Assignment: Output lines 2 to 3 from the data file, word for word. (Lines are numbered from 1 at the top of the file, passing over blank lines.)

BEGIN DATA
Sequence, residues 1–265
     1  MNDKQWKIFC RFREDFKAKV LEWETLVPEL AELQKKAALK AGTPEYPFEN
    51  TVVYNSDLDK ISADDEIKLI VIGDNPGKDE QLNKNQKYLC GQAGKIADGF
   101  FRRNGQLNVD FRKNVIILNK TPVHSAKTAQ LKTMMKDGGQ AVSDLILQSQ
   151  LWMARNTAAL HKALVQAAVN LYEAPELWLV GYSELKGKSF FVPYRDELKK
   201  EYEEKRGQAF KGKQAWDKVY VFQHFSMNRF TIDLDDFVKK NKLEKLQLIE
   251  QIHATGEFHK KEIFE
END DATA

     1  MNDKQWKIFC RFREDFKAKV LEWETLVPEL AELQKKAALK AGTPEYPFEN
    51  TVVYNSDLDK ISADDEIKLI VIGDNPGKDE QLNKNQKYLC GQAGKIADGF